Scope of Tax

 Scope of Tax

Taxability of income in India depends on a person’s residential status. For tax purposes, the residential status of an individual is classified as:

 • Ordinarily Resident 

• Not Ordinarily Resident

 • Non-Resident 

Taxability of Ordinary Resident (OR)

Ordinary Residents are chargeable to tax in India in respect of their worldwide income. This includes even foreign income even if it is not received or brought into India. There is no escape from taxability in India even if the remittance of income is restricted by the foreign country. 

Non-residents are chargeable to tax in India on the following “Indian source incomes”: 

• Income received1 in India, whether earned in India or elsewhere; 

Income deemed to be received in India, whether earned in India or elsewhere; 

Income which accrues or arises2 in India, whether received in India or elsewhere; 

Income which is deemed to accrue or arise in India, whether received in India or elsewhere. 

Taxability of Non-Resident (NR)

1 Income is said to be received when it first reaches the person. 

2 Income is said to accrue or arise when the right to receive the income becomes vested in the person and such income must be due to the person.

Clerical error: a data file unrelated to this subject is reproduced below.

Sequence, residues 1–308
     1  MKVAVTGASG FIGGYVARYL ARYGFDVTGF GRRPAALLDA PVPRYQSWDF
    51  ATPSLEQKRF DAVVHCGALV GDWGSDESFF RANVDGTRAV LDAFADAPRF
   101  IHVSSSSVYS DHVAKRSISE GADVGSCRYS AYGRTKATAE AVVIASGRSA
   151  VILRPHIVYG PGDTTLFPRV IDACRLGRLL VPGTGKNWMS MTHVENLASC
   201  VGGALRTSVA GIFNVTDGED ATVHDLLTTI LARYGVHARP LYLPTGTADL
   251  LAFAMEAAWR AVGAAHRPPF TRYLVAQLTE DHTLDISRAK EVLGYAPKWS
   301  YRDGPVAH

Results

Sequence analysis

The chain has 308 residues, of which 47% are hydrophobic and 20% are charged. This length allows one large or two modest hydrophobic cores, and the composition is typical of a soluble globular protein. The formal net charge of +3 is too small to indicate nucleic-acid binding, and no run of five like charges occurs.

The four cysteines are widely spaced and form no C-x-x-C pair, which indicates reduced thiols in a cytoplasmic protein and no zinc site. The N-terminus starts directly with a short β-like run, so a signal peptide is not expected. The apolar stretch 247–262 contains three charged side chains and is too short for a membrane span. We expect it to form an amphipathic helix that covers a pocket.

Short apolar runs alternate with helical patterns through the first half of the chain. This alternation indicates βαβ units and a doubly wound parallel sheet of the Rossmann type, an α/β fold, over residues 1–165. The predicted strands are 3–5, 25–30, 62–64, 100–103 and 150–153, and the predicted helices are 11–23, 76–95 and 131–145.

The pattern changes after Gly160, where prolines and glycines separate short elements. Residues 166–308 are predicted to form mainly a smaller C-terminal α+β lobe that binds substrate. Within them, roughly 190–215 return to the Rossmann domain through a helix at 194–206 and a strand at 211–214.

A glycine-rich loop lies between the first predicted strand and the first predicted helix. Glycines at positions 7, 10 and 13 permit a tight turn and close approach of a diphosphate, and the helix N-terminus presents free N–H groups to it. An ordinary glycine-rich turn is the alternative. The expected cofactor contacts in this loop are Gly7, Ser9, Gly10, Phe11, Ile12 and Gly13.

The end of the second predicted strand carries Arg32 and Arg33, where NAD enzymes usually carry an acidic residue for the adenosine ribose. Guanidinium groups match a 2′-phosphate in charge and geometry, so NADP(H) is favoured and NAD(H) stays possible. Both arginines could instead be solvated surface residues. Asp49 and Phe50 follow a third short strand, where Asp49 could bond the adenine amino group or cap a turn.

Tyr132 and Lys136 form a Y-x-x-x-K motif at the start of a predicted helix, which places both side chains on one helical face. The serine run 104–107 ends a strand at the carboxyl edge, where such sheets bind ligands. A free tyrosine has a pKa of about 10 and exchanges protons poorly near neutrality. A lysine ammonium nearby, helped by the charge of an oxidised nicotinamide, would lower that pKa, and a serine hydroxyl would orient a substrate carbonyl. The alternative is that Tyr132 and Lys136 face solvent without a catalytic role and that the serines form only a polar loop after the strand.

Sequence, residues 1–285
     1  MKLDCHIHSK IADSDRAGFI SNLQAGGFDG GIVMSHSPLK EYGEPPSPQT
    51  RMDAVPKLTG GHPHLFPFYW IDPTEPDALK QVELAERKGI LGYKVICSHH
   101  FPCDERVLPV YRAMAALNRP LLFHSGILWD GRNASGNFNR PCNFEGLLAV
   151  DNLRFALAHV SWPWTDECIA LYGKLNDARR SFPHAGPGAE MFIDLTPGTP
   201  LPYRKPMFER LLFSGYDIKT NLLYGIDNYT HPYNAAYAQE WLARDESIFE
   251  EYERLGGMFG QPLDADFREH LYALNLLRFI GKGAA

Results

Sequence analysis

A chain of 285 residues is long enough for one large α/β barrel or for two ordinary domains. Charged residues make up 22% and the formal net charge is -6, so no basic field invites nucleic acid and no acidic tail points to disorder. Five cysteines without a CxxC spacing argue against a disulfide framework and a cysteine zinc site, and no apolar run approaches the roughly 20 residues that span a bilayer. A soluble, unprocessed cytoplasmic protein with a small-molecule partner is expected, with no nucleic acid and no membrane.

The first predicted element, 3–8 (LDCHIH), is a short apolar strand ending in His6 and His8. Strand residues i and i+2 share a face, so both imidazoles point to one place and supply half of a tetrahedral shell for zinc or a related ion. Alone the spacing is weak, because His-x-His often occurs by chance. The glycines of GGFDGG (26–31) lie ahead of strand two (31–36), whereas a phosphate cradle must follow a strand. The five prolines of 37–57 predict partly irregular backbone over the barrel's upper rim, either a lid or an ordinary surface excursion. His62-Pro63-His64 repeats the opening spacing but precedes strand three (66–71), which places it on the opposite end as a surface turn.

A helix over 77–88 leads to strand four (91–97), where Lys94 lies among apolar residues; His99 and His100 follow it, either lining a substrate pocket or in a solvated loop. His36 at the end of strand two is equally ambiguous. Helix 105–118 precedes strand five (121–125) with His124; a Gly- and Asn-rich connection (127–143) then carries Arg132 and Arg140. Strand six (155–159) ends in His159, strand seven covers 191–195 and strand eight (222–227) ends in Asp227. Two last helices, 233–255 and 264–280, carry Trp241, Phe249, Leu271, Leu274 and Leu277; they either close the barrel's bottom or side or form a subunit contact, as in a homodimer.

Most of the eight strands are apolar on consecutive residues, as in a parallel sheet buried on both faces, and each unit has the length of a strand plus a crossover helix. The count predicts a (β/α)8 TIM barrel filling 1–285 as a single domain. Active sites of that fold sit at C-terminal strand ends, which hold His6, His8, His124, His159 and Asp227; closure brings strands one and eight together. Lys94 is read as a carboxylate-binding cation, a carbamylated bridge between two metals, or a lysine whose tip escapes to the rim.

NR can, however, claim the beneficial provisions of the Indian Income tax law or the applicable Double Taxation Avoidance Agreement, in order to avoid possible double taxation.

Taxability of Resident Not Ordinarily Resident(NOR)

The NOR status is unique to India. No other country has such an intermediate residential status. The NOR residential status is mainly intended as a relief from taxability during the transitory period from NR 

Not Ordinarily Residents are chargeable to tax in India on the following incomes:

 • Indian source income; 

 • Income which accrues or arises outside India from business controlled / profession set up in 

As compared to an NR, NOR is additionally chargeable to tax in India in respect of their income accruing outside India from a business controlled from India or from a profession set up in India. The expression 'business controlled in India' means that the 'head and brain' of the business - the controlling power - should be situated in India and should direct the business activities from India. Thus, foreign passive incomes like interest, dividend, royalty etc. would not be taxable in India for a person who is NOR. Even share of profit of a partnership firm or any other business income would not be taxable in India, if the business in respect of which such income arises is not controlled from India. If business is controlled from India, then the income is taxable in India. In other words, all foreign sourced income of a NOR is normally not taxable in India unless it is derived from a business controlled in or a profession set up in India. 

Disclaimer: The views / the analysis contained therein do not constitute a legal opinion and is not intended to be an advice. Readers of this document are advised to seek their own professional advice before taking any course of action or decision, based on this document.

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